Lowered expectations

I have been made to spend more time than I might fancy listening to things that I just can’t make myself like, damning any attempts to or against it as of late… For the past 5ish weeks, I been back at one of my old places of employment, this time on a part-time/seasonal basis, slinging negro clothing goods in varying levels of bad taste and egregious cost.
That is not what this post is about…

Anyway, I am working with, save for the manager of the store, people who are 5-12 years younger than me, so suffice it to say that our tastes in music greatly vary. Three times over the course of these weeks have I heard something played from the stack of CDs in the store that I would listen to at home with one being a J. Cole mixtape that I downloaded when I did get home. With that in mind, I brought in another one I’d found and brought it into the store and would never hear it again except for in my home or my car.

What, then, are we made to listen to?

Never mind, now, that 10 years ago, the mall officials themselves would not allow such things to be played out loud in the mall due to objectionable content, but apparently rules are relaxed now.
When the local radio station is not playing their normal 7 songs on repeat, they play a lineup of Young Jeezy, Rick Ross, Waka Flocka Flame, Gucci Mane and whatever other ig’nant short bus rap they can come up with.
Being that this is not my number one vessel to the paying of my mortgage, I do not have it in me to complain about the nonsense that oozes from the speakers in the store in a customer-repelling volume. I do not behave as if I enjoy it either, mainly because I do not possess an internal mechanism that allows me to lie to myself.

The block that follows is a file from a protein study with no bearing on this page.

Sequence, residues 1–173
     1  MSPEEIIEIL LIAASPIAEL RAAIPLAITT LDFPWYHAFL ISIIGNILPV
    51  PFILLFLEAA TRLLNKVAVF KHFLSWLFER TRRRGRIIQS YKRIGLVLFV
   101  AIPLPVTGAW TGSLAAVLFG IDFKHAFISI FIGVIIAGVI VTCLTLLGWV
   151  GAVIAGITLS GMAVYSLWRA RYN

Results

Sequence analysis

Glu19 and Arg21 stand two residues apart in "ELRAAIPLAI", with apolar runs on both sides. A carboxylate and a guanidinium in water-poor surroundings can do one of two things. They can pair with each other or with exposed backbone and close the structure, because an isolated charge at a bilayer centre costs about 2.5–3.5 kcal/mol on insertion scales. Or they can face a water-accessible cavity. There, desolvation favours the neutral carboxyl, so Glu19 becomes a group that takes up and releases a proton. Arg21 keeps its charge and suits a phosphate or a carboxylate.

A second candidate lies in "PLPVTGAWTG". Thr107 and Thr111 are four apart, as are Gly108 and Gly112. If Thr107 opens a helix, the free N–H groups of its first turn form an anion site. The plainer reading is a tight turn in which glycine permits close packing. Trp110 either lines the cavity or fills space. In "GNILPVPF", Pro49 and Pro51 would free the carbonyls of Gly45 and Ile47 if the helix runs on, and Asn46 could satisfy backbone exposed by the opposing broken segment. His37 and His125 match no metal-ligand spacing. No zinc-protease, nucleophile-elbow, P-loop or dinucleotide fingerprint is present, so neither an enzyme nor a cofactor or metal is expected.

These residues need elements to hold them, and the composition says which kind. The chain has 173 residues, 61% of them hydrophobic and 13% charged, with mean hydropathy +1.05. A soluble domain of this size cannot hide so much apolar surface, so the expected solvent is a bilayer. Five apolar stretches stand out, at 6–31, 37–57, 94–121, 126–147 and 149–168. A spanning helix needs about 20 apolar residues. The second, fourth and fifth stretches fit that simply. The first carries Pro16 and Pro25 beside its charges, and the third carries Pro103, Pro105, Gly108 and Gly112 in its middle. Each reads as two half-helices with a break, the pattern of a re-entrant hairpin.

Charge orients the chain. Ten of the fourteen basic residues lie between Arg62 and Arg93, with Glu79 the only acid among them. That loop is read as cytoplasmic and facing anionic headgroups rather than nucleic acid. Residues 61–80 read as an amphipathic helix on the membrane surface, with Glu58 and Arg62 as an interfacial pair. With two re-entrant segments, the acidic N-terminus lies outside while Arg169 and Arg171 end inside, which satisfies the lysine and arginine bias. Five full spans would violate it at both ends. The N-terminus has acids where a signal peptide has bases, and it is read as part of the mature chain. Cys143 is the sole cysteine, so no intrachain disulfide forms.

What this does, though, is drive me to thoughts of back when in order to be ALLOWED to rap, you had to be ABLE to rap. That was up to and including being able to speak the motherfucking language. That time apparently ended sometime during the last decade – when precisely has somehow escaped me in my deluge of big boy bills.
Where this leaves us is in the presence of what the homie Tony Grands (I think) has dubbed “handi-rap” cats, those who, on the surface, are not very bright or articulate. There is no onus to exercise the need to be such, when considering their target demographic and understanding that they’re not supposed to last long anyway. That said, these songs need to be nothing more than loud, simple, profane and offensive. This works for an “urban” clothing store it seems, based solely on the overlap of the target market and it works in spades somehow.

I swear, though, that this whole thing is making me kind of stupid though. So much so that I have taken back the habit of typing my blogs in MS word instead of trusting my natural ability to do this myself. I get back in the car, then I go home, listening to music of people who should be allowed to actually make music, as opposed to those who are simply lucky enough to have gotten in on the rush exacerbated by the collective lowering of expectations. On my lunch break Monday, I spent the hour with Skillz’ album that releases today (don’t judge me, it has since earned my $10.00 or less on single-disc albums at FYE) and a line that stuck out, driving me to have written 5ish paragraphs and counting here.